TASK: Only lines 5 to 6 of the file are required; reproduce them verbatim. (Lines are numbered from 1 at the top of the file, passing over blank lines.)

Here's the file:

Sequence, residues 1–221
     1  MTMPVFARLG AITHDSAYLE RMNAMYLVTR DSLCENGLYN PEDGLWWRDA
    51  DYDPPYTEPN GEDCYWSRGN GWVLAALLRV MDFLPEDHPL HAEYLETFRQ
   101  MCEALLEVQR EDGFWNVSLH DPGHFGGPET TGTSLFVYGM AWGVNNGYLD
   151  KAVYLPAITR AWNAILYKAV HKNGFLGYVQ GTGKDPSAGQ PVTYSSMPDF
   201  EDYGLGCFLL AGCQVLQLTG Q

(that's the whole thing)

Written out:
   151  KAVYLPAITR AWNAILYKAV HKNGFLGYVQ GTGKDPSAGQ PVTYSSMPDF
   201  EDYGLGCFLL AGCQVLQLTG Q